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The Future of the Unified Tax Credit and Potential Strategies

Article Authored By: Brian M. Bentrup

On January 1, 2018, the Tax Cuts and Job Act (“TCJA”) became effective. Prior to the TCJA, the federal estate tax exemption, generation-skipping transfer (“GST”) tax exemption and lifetime gift exemption were all $5,490,000. The various exemptions are combined together into what is called a “unified tax credit.” The unified tax credit exemption increase significantly from $5,490,000 in 2017 to $11,180,000 in 2018. The current exemption level for 2022 is $12,060,000 and increases each year from 2018 through 2025 after which time the provisions of the TCJA related to the unified tax credit will sunset. The exemption levels will drop to about half or just over $6,000,000 for 2026.

The unified tax credit is oddly mystifying. Most people assume that they can make gifts during their lifetimes, which will be separate and apart from the gifts they intend to make at their death. Most people also know that there is an annual limit that an individual or individuals can make. For 2022, that amount is $16,000 per person, which married couples can use to double their gifts to $32,000 for a child, for example. Most people also know that there is a limit on the amount that you can pass tax free to beneficiaries at death. While most people are aware of its existence, most don’t know the precise amount because it simply isn’t relevant to them. As indicated above, the estate tax exemption level for 2022 is $12,060,000. For the overwhelming majority of estates, it will not matter. In 2020, for example, it was estimated than less than 1% of decedent’s paid the estate tax.[1] Nevertheless, the applicable rate for the unified tax credit on gifts or inheritances that exceed the federal exemption is 40%. This means that individuals should take appropriate precautions to protect their assets from a tax rate this high.

Many pieces of proposed legislation have targeted lowering the estate tax exemption and the lifetime gift exemption, and Congress has actively tried to eliminate the GST exemption all together. We tell clients all the time in practice that you know an estate planning tool is valuable when Congress targets it for elimination.  It is indeed a very powerful tool because it allows affluent individuals the ability to fully fund a GST trust up to the unified tax credit amount for the applicable year and to file a 706 return to inform the IRS of its existence. This, in effect, marks the assets of the fully-funded GST trust “death tax paid” in the IRS database, which illustrates the true worth of the provision. The assets will “skip” through the generations without ever being taxed no matter how much the assets of the trust appreciate. At a policy level, it is not hard to see why Congress has the GST exemption in its sights given its potential for exploitation by affluent, dynastic families. From a practitioner’s perspective, it is an indispensable provision that helps disinherit the federal government.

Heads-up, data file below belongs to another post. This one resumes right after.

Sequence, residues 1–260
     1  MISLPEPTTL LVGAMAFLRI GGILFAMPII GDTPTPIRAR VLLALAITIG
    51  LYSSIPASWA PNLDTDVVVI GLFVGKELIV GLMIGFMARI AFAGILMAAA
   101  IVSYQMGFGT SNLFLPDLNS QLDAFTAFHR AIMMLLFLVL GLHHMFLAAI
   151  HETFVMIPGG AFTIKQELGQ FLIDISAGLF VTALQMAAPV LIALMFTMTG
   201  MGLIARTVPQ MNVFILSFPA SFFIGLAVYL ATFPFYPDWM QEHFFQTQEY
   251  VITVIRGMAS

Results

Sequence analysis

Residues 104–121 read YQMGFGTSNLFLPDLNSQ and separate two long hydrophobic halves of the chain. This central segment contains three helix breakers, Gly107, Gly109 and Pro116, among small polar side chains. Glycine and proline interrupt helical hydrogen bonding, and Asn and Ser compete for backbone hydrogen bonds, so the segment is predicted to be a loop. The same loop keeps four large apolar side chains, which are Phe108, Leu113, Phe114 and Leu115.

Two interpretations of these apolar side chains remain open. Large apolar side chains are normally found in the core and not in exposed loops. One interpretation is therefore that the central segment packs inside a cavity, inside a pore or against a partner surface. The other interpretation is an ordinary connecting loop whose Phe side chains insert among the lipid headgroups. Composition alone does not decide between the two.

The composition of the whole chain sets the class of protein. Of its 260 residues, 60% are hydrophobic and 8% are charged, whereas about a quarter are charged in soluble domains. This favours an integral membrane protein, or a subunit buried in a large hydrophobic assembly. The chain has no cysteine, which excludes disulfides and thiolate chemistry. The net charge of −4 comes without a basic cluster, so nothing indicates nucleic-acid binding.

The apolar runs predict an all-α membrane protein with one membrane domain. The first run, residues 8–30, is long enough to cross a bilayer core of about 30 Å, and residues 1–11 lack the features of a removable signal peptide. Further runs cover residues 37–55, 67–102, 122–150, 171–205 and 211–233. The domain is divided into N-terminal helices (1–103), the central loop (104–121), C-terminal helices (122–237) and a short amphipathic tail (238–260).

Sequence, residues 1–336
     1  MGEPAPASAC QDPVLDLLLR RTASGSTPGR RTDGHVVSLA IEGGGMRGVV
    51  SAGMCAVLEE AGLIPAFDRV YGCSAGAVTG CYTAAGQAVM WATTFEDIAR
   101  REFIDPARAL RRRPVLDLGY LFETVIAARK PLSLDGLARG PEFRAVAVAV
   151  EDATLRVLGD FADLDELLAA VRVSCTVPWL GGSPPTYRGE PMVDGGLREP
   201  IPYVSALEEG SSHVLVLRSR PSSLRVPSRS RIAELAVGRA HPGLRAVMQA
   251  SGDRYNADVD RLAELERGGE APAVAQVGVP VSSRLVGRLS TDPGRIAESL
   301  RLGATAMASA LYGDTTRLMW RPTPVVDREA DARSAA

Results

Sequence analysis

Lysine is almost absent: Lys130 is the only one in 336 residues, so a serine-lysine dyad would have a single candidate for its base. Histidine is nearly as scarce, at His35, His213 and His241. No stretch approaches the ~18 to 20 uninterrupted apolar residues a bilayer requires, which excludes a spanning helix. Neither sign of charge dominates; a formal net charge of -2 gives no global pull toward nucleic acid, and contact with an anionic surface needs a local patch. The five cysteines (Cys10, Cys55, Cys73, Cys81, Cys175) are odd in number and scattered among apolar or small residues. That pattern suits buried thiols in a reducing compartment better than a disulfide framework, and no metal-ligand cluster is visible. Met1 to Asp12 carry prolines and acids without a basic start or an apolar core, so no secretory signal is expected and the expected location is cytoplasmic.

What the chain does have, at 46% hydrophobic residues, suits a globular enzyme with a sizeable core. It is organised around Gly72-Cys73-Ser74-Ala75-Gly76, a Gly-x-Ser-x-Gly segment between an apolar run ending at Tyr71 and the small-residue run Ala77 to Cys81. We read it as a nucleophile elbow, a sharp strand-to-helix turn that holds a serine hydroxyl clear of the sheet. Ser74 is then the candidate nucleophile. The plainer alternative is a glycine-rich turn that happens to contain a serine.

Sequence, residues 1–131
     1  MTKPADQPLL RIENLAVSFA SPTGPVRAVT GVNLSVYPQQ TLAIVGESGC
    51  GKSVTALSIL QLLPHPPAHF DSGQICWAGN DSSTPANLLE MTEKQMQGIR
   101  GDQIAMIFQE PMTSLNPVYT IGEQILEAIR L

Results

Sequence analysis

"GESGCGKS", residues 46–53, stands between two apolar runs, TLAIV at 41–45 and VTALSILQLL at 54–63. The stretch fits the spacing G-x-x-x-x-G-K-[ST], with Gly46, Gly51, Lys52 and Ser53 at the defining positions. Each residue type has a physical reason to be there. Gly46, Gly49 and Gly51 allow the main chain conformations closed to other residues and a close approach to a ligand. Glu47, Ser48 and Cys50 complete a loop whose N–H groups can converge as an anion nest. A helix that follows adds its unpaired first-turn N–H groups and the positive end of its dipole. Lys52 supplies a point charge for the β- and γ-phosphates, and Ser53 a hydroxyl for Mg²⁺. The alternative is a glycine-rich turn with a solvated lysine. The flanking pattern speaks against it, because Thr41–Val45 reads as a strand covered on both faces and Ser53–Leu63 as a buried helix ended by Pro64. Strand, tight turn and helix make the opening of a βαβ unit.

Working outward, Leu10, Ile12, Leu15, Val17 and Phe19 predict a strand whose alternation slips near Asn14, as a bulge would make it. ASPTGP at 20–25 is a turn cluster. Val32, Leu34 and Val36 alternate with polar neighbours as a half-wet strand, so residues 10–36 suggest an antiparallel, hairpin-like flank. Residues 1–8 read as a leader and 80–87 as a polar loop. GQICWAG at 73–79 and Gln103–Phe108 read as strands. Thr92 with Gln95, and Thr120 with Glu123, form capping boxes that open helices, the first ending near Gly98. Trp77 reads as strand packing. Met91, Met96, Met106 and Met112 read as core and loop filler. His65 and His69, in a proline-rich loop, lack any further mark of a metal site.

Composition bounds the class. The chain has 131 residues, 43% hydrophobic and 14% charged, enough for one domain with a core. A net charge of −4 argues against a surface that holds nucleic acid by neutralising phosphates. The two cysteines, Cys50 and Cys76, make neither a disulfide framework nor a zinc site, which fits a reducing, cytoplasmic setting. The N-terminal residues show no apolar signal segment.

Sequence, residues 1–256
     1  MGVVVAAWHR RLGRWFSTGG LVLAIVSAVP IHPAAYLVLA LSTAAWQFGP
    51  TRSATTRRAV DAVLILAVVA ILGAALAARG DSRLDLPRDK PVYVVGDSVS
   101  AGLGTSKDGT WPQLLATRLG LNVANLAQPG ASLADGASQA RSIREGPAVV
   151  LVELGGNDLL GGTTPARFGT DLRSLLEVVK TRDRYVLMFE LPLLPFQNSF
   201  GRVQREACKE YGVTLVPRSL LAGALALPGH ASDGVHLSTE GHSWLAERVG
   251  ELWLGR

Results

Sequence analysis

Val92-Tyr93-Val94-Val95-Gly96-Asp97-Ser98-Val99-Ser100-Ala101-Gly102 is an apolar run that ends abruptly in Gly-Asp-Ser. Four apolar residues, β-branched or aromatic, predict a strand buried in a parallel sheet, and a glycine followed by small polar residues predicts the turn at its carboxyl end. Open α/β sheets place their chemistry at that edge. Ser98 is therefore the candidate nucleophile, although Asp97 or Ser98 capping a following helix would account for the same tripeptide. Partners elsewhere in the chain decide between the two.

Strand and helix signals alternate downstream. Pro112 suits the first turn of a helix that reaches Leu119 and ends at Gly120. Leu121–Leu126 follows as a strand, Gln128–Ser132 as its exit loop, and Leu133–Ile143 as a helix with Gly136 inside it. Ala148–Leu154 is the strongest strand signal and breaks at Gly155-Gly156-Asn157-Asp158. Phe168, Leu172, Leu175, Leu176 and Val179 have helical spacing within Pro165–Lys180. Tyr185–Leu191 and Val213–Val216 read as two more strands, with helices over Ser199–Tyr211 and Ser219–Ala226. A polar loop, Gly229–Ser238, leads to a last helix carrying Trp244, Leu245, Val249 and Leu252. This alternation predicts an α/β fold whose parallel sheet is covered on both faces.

Regardless of whether the assets are passed specifically through a GST trust established at death or while living, the unified tax credit amount is at an unusually high level.  Even families means that are more modest compared to the current exemption amount would be wise to avail themselves of the current levels.

High level, sophisticated tax planning should be implemented for individuals at or near the current exemption levels. Clients are right to worry about predicting the unified tax credit amount in future years as well as potential changes in the substantive law, but practitioners are right to urge clients to plan based on existing tax laws as if they were to die tomorrow. Thus, it becomes paramount to include formulaic gifts in an estate plan so that the various tax strategies can maximize the values at the person’s date of death in the unfortunate event that the documents are not updated.


About the Author

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Brian M. Bentrup is a graduate of Loyola University Chicago where he triple-majored in Economics, Political Science, and Psychology. In 2015, he obtained his law degree from The John Marshall Law School. In law school, Brian was selected to be an extern for the Honorable Laura C. Liu in the Mortgage Foreclosure and Mechanics Lien Division as well as the Illinois Tenant Union.

Brian joined Pluymert, MacDonald, Hargrove & Lee, Ltd. in January 2018. His practice includes estate planning, probate and trust administration, and residential and commercial real estate. Brian also focuses on guardianships of minors and disabled adults and has been named to the approved Guardian ad Litem lists for Cook County, DuPage County, Kane County and Lake County. Brian dedicates time to pro bono work with Chicago Volunteer Legal Services representing or advocating on behalf of minors and disabled adults.

Brian is a member of the American Bar, Illinois State Bar, Cook County Bar, DuPage County Bar, and Chicago Bar Associations. He is also a member of the Justinian Society of Lawyers and the Phi Alpha Delta Law Fraternity.

Brian is licensed to practice in Illinois and Missouri. When not practicing law, Brian enjoys spending time with his wife, daughter and son, and exploring new and different culinary experiences.

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